The latte: Echo Coffee style
April 13, 2010
Two weeks ago, I promised a look at the latte, Echo Coffee style.† Unfortunately, I feel quite ill the next day, followed by the insane amount of work surrounding all of the construction, hiring, and sourcing suppliers for the shop, itís taken me far longer than expected to follow up.
At any rate, letís talk a bit about the latte.† Unlike the cappuccino, the latte doesn’t have as precise a recipe. Ratios of espresso to steamed milk vary from 1:3 to 1:9.† For milk, the Echo Coffee latte will by default use 2% organic milk.† In contrast, a cappuccino will use whole milk as the default.† Since there is such a small quantity of milk, the slight increase in fat can be considered a bit of a reward for the cappuccino drinker.† Whole, skim, and soy milk will all be choices you can have in your latte.
Obviously, as milk is added, the flavor of the coffee dilutes and dilutes. Unless the coffee has a sharp taste, designed to power through a high volume of milk, most of what you will taste in a high ratio latte is milk.† To combat that flavor loss, a few options present themselves to the coffee roaster and/or barista to bring a suitable coffee flavor through a high volume of milk.
One approach to providing a strong espresso flavor suitable for powering through high volumes of milk, is to incorporate green coffee beans within the espresso blend with a naturally bitter flavor to them. Bitter flavors are stronger than the sweet, creamy flavor in milk, so excessive bitterness will indeed work.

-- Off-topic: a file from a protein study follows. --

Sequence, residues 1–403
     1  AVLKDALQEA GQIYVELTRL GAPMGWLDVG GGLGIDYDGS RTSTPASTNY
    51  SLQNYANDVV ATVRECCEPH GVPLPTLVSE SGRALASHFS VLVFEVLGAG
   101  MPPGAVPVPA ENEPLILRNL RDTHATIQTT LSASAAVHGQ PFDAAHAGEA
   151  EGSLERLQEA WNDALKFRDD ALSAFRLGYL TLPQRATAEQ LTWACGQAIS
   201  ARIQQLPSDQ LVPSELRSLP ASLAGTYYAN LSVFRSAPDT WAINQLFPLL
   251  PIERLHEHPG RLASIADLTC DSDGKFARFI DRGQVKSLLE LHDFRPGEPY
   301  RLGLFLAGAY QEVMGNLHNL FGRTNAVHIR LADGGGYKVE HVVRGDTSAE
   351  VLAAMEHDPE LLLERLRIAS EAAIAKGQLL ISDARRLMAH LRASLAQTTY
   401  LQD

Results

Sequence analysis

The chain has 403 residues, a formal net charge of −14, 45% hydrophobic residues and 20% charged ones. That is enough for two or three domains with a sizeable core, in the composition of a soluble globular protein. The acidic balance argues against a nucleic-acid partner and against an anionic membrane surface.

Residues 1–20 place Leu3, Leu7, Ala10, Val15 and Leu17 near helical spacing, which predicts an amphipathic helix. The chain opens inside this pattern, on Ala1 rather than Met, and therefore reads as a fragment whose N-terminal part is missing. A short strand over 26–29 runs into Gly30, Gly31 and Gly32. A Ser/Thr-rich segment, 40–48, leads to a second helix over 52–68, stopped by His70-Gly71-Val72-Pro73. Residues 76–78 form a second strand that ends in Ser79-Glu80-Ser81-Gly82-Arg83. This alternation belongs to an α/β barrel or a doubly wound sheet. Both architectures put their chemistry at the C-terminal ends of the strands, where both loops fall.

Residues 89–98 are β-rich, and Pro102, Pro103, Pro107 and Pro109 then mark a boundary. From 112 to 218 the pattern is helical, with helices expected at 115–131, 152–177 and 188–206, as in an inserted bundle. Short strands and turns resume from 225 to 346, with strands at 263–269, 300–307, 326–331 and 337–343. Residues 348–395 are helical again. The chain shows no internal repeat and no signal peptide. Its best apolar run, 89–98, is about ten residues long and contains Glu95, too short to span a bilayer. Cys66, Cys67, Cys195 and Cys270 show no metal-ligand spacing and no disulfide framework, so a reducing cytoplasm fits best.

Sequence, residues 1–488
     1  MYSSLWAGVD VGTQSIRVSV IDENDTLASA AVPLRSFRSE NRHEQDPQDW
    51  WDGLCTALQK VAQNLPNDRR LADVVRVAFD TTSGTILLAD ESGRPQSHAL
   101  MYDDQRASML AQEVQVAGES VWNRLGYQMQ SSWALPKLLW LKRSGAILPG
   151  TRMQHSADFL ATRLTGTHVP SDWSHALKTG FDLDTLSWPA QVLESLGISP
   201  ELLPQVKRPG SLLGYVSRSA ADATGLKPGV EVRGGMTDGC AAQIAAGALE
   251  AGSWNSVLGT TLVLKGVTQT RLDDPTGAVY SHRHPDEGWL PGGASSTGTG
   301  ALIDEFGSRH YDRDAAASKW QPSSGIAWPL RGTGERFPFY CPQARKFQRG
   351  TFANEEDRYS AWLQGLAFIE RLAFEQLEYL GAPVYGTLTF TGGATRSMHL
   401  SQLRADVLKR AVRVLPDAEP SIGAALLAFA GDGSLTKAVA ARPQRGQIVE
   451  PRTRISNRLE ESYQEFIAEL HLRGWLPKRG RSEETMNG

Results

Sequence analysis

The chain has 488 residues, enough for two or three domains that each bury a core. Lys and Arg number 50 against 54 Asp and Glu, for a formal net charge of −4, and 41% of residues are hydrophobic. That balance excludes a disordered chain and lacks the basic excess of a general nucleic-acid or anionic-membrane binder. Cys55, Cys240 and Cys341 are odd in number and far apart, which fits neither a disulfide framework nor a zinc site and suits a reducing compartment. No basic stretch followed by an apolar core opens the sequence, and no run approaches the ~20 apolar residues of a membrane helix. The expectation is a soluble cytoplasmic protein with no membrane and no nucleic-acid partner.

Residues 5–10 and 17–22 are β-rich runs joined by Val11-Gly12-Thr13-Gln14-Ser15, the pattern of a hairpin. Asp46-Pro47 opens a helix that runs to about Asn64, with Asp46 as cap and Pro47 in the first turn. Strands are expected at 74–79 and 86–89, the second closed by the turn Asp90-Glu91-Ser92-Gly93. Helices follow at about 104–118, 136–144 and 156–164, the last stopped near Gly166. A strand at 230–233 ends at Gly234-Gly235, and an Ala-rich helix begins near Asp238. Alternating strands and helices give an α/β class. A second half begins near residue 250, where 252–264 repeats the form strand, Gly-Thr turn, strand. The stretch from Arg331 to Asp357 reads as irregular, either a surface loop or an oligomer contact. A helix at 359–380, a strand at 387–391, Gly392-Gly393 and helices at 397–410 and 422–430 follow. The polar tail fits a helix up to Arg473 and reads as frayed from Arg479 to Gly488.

Another approach is to introduce roasting flavors (smoke/burnt flavor) to the blend. French roast and darker roasts are indeed performed to do just this (as well as reducing some bitterness).† The darker the bean is roasted, the more origin flavor is removed from the coffee bean, and replaced by roasting flavors.† Care can be taken with darker roasts to limit the harsh burnt taste (if desired), but the result is still essentially the same.† Darker roasts produce a stronger flavor profile, which is strong enough to power through a large quantity of milk.
At Echo Coffee, what we will do is two fold.† Our espresso for latte will be roasted a little darker.† It wonít be burnt, but it will be roasted into the second crack.† Secondly, we wonít offer a 20 ounce latte.† Our largest latte will be 16 ounces.† The majority of coffee shops that offer a 20 ounce size put just 2 shots of espresso into that size, the same as a 20 ounce size.† Therefore, the only difference between the two sizes is the amount of milk, which further dilutes the coffee flavor.† We believe most customers are misguided by the larger size, and naturally assume there must be more coffee in the larger size.† Since the only thing in the larger size is more milk (and thus more calories), one could ask, why bother?
So we simply wonít offer anything larger than 16 ounces.† It saves you money and calories, and you get a better tasting coffee drink.† Looking at the ratios for a 12 ounce and 16 ounce latte, with a 2 ounce shot of espresso, the ratios are 5:1 and 7:1.
Lattes are frequently flavored, with the possible range of flavors is very extensive.† Chocolate, vanilla, nuts, berries, etc. are all possible flavors found in lattes.† At Echo Coffee, we will offer a limited but we think comprehensive list of flavors:† Guittard chocolate, Monin vanilla and sugar free vanilla, Monin hazelnut, Ghirardelli Caramel, and Ghirardelli White Chocolate.
Photo Credit: ewitsoe